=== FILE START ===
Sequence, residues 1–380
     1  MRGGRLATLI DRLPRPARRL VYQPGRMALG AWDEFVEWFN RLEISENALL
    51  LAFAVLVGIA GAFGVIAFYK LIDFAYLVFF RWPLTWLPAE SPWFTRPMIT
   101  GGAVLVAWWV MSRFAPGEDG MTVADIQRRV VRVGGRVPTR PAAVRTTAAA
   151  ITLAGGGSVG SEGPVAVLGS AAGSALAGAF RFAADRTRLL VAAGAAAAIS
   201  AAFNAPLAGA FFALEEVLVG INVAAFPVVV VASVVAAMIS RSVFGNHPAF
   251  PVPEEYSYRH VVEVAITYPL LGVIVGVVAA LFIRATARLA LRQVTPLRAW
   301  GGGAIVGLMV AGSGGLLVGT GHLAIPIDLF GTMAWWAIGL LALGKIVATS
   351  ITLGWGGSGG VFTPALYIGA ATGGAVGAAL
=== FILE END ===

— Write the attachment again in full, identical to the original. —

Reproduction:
Sequence, residues 1–380
     1  MRGGRLATLI DRLPRPARRL VYQPGRMALG AWDEFVEWFN RLEISENALL
    51  LAFAVLVGIA GAFGVIAFYK LIDFAYLVFF RWPLTWLPAE SPWFTRPMIT
   101  GGAVLVAWWV MSRFAPGEDG MTVADIQRRV VRVGGRVPTR PAAVRTTAAA
   151  ITLAGGGSVG SEGPVAVLGS AAGSALAGAF RFAADRTRLL VAAGAAAAIS
   201  AAFNAPLAGA FFALEEVLVG INVAAFPVVV VASVVAAMIS RSVFGNHPAF
   251  PVPEEYSYRH VVEVAITYPL LGVIVGVVAA LFIRATARLA LRQVTPLRAW
   301  GGGAIVGLMV AGSGGLLVGT GHLAIPIDLF GTMAWWAIGL LALGKIVATS
   351  ITLGWGGSGG VFTPALYIGA ATGGAVGAAL